Fionnuala Halligan takes the temperature of events in her weekly blog.

Great excitement at Cinema Expo in Amsterdam this week where – dare we even say it? – James Cameron appeared in person to unveil about 24 minutes of Avatar, his Titanic-sized bid at the Christmas market (and indeed his first feature since the world’s largest grossing film in 1997) with a full-on assault set by Fox for December 18.

Screen was in attendance but can say nothing, you understand: well, we could tell you, but they’d have to shoot us.

Sigourney Weaver, Sam Worthington and Zoe Saldana were also on-hand to steal the thunder from the other studios’ presentations with the super-advance 3D motion capure/CGI footage using Cameron’s own cameras. It has been described by anonymous attendees as “awesome, vivid….the motion capture is like nothing seen before, incredibly realistic”. All you might expect for $300m, in fact.

Rapturous applause greeted the presentation, although these exhibitors do have a stake in its success – who wouldn’t like another $1.84bn worldwide theatrical smash for the new year? (even Dark Knight, for example, just edged over the $1bn barrier, nowhere near Titanic’s total). Speaking of Titanic, which caused a huge stir in advance of its release (“it’s too expensive, will it be ready?, Cameron has gone too far this time! etc”) Avatar is going out in the same timeframe, is even more expensive, and could also edge close to the mark in terms of finishing on time. The acres of print start here.

Best of the rest

Disney rocked up at Cinema Expo with a packed sackful goodies and a buffed-up Jake Gyllenhall to show some very early footage from Prince of Persia: Sands of Time, one of a series of Bruckheimer-produced films which were presented, some in the tres early stages (The Sorcerer’s Apprentice, Pirates of the Caribbean 4, The Lone Ranger – both starring Johnny Depp).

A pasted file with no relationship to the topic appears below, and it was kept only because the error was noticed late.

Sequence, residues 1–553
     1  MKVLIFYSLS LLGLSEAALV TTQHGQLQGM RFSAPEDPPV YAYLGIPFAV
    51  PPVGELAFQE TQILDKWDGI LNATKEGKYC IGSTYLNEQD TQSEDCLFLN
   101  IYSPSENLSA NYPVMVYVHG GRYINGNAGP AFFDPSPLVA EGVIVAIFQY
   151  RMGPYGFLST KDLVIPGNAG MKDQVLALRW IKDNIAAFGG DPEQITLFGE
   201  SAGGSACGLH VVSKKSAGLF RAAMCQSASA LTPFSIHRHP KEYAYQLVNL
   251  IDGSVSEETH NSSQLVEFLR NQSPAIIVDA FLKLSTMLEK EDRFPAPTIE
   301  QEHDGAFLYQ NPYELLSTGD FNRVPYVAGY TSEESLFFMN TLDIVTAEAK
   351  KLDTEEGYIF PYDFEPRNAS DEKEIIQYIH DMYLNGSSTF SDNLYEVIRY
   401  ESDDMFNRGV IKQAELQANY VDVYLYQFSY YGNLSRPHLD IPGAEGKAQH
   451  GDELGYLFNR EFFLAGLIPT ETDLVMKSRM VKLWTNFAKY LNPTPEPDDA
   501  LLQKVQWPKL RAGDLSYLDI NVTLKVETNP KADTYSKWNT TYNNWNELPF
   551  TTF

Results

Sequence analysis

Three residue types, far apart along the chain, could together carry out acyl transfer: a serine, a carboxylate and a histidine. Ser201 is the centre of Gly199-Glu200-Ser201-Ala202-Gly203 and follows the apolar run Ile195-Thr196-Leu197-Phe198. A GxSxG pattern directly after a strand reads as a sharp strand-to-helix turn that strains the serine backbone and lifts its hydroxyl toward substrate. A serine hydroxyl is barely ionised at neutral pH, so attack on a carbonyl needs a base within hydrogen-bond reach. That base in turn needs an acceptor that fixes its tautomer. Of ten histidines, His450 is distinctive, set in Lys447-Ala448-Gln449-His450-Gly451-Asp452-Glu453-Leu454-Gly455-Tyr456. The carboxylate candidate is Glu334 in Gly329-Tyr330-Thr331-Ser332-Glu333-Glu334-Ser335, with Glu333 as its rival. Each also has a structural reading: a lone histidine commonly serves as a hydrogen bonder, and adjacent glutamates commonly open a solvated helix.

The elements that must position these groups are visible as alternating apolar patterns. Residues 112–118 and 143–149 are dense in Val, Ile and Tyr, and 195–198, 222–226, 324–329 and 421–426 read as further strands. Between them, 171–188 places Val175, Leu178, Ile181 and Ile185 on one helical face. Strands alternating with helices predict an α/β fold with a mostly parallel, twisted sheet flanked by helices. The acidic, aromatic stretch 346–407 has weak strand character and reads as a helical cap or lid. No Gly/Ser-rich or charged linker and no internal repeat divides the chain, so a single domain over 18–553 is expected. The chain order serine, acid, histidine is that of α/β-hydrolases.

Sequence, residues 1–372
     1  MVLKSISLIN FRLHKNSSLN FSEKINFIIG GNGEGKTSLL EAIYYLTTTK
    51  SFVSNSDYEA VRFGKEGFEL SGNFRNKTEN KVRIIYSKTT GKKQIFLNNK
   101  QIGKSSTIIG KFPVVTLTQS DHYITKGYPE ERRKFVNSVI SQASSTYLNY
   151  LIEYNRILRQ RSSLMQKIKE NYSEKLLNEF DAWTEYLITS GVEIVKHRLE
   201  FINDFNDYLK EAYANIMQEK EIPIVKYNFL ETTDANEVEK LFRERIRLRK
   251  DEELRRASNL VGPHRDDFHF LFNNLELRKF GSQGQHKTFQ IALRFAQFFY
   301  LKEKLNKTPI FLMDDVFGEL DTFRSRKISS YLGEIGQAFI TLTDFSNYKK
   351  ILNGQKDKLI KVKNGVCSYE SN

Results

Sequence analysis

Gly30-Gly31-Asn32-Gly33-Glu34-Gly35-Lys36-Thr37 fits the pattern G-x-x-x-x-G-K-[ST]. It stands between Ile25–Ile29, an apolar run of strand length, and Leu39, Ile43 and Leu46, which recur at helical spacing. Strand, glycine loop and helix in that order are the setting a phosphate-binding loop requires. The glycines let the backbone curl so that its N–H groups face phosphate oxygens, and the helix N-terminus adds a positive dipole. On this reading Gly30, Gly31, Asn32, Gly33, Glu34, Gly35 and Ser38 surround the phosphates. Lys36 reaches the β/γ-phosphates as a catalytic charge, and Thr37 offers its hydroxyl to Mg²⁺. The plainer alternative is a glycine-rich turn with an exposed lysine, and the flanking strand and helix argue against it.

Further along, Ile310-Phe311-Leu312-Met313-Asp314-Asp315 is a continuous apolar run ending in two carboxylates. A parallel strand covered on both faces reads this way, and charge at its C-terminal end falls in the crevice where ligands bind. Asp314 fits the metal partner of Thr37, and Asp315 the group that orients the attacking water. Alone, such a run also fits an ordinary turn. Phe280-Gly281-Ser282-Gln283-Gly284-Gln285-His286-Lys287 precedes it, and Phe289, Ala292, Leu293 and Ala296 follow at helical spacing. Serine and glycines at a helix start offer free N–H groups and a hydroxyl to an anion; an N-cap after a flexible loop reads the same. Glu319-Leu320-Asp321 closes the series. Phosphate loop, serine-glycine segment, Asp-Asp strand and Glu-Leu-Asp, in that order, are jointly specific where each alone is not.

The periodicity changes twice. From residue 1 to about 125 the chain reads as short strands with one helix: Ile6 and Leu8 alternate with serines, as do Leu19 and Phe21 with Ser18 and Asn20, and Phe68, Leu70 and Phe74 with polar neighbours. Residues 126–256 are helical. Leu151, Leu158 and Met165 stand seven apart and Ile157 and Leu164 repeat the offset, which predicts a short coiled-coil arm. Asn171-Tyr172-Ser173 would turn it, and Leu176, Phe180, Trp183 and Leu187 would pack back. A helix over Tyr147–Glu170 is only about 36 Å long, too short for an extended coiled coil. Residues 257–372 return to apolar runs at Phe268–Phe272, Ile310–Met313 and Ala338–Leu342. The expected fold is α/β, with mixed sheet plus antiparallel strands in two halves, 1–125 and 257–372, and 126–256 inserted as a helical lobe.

The Mouse House’s presentation ended with a test sequence from the Tron remake, which seemed to go down well. Paramount, meanwhile, weighed in with footage from GI Joe (impressive on IMAX), Martin Scorsese’s Shutter Island (with Leo), The Lovely Bones, (Peter Jackson) and M Night Shyamalan’s The Last Airbender.

All the Cameron hoopla made Harry Potter And The Half Blood Prince – so eagerly expected right now in advance of its UK July 7 world premiere, given the last pulled in just under $1bn  – seem so summer 2009. But Warner Bros did delight exhibitors with news of a packed slate for 2010 including Clash Of The Titans (but we’ll miss Harry Hamlin), Sexand the City 2 (New Line) and, excitingly, Harry Potter 7 – the last but one, as Deathly Hallows is a two-parter.

Should all go to plan – a billion here from Harry, a billion or two there from Cameron – exhibitors can indeed look forward to a happy new year.